Sofia Science Festival 2017: ‘Big Data’ with Timandra Harkness

Written by on May 10, 2017 in People - Comments Off on Sofia Science Festival 2017: ‘Big Data’ with Timandra Harkness

The Sofia Science Festival hosts acclaimed scientists, including some who have other jobs too. Timandra Harkness is a mathematician, a radio show host and stand-up comedian. At times, she exerts all of those professions in one. This applies when she writes books, such as “Big Data: Does Size Matter?“, in which she combines science with entertainment, or when she talks about science in a way only a comedian could, on her Radio 4 show. Imanuel Marcus spoke to her.

The Sofia Globe (TSG): When I need to urinate at a restaurant and want my privacy at the urinal, how can mathematics help me?

Timandra Harkness: You are lucky. Two very fine mathematicians called Evangelos Kranakis and Danny Krizanc wrote a paper called the Urinal Problem, in which they suggest the best strategy to minimise the probability that somebody will stand beside you. I recommend reading the entire paper, but in short: Stand at the far end, away from the door.

TSG: What are our chances of dying by alien abduction?

Timandra Harkness: Theoretically, that is very hard to calculate as it is an extremely unlikely event on which we have no previous data. But for practical purposes – zero.

TSG: To most people, science and comedy are very different. They are opposites. Not to you though. Why?

Timandra Harkness: Science is often seen as something mysterious, remote, and above us. But in reality it’s just another human activity, done by fallible human beings. So it’s perfect material for comedy, because it brings together the sublime and the ridiculous, the lofty and the absurd. The idea that we live in one of an infinite number of universes, each slightly different, is mind-blowing. But it also implies that there is a universe out there in which Rihanna wrote a book on Big Data and I recorded “We Found Love”. Which is just silly. I’d look rubbish in her stage outfits.

TSG: Let’s look at the future. Many of us look at it by checking tomorrow’s TV programme. You take a more scientific approach, e.g. on your Radio 4 show. Could you give us examples for ideas set to shape our future, which you have recently explored?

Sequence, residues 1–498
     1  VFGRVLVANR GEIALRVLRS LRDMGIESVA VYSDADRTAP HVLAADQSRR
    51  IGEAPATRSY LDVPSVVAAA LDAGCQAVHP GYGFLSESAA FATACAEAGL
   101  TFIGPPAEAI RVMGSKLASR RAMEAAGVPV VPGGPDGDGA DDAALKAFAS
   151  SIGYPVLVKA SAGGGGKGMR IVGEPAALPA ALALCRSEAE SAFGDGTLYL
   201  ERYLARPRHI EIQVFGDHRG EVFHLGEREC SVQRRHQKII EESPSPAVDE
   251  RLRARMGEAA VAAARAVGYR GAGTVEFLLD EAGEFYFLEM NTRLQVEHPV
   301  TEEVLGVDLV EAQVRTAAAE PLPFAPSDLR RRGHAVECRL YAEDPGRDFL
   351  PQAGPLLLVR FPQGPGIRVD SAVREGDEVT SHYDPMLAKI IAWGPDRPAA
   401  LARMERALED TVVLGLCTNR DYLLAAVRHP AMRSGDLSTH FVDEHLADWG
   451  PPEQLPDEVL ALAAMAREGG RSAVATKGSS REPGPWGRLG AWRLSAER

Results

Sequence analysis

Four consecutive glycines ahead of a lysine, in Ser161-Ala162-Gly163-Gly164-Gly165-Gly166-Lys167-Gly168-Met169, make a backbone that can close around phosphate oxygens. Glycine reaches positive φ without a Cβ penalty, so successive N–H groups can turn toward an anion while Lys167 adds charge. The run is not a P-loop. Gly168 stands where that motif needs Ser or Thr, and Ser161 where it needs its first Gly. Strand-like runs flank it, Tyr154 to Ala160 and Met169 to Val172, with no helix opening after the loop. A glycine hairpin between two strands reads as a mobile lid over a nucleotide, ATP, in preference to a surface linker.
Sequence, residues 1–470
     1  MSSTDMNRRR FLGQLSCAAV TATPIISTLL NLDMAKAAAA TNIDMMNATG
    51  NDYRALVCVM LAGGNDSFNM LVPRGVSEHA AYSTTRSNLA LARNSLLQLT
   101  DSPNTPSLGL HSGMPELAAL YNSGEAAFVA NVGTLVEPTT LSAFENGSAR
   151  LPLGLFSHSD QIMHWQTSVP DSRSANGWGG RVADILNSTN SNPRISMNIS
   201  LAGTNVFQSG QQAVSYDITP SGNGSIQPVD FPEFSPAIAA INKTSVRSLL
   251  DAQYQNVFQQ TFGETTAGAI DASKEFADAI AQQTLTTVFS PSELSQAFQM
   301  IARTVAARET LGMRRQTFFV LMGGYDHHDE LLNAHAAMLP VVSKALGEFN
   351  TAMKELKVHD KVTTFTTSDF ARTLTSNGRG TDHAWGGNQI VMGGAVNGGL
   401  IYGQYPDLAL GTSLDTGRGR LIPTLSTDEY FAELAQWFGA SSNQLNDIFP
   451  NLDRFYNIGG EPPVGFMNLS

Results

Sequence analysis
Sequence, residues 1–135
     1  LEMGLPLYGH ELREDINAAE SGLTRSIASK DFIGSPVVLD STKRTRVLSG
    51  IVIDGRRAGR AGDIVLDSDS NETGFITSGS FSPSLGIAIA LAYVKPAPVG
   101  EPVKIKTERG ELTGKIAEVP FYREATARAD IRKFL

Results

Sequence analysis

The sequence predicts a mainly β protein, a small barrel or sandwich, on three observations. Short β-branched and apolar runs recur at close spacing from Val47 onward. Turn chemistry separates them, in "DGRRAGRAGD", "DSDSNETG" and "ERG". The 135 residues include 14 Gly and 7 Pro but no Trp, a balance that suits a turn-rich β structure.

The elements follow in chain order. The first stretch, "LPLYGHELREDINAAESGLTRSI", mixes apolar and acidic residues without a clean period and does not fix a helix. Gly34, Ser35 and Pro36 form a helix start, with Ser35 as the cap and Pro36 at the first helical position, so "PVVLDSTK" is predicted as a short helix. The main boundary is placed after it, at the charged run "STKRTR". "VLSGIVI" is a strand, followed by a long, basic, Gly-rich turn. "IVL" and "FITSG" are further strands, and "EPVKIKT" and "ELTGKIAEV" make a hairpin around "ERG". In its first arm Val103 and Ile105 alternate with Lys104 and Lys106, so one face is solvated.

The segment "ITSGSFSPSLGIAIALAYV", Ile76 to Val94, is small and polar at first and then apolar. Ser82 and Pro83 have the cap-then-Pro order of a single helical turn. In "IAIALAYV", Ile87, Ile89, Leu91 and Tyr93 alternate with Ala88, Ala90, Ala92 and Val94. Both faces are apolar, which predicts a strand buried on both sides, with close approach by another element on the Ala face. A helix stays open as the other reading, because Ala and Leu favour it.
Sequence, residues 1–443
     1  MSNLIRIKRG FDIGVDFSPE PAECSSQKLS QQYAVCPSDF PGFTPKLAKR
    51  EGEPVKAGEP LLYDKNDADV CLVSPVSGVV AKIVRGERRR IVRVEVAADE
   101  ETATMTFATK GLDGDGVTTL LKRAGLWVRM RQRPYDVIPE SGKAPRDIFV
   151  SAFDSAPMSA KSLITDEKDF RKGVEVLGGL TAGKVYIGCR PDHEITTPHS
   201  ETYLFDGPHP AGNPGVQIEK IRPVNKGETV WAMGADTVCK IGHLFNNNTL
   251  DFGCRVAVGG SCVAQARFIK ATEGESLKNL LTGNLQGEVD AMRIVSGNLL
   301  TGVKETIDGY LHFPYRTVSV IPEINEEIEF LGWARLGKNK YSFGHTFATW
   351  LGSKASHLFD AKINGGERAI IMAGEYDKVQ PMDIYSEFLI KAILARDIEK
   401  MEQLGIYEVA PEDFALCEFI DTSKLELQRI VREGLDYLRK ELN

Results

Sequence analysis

Timandra Harkness: In the new series, we look at the future of health, which looks as if it will involve a lot of data, including our data collected from devices that sit on or even under our skin. Also the future of living in space, which changed some of my ideas. I still want to travel into space, but when I think about the fact that I might have to live the rest of my life in an artificial environment, or that my family might grow up on another world and then evolve so they’re unable ever to return to earth, I’m not sure how I feel about that. And we’re still making the programme on the Future of Sin, which should be interesting.

TSG: “Big Data: Does Size Matter?” is the title of your book, which was just released. And it is the title of your speech at the Sofia Science Festival. It is a sensitive subject. We all try to read and interpret data in Excel files. It seems like we can’t get enough of them. On the other hand, we complain about the data flow and demand data protection. What is our problem?

Timandra Harkness: Big Data does bring dilemmas. It certainly has vast potential to improve our lives. To get the best out of it, we need to use Artificial Intelligence (AI) and link together different types of data. But that also means we may lose some of our privacy, as people can find out more about us by making connections between different parts of our lives. And we may no longer understand how the AI is reaching its conclusions. Even the people who built an AI like Google Deep Mind now say it’s like a black box. Although they created it, they don’t understand what’s going on inside it. A bit like having a teenage child, I guess.

TSG: Whom or what do you connect with Bulgaria? Have you been to the country before?

Timandra Harkness: I have visited before, to see the first FameLab Bulgaria competition, and again to train the FameLab finalists in their Masterclass in Science Communication. So the indefatigable Lyubov Kostova is the force that drew me to Bulgaria, and I am very excited to be coming back for the Science Festival.

TSG: Thank you a lot.

There is, of course, much more on the crowded programme of the 2017 Sofia Science Festival, including the numerous presentations in Bulgarian. For further details of the programme, and on how to buy tickets or reserve free seats, please visit the Festival’s website.

The Sofia Globe and Bulgaria Now are media partners of the 2017 Sofia Science Festival.



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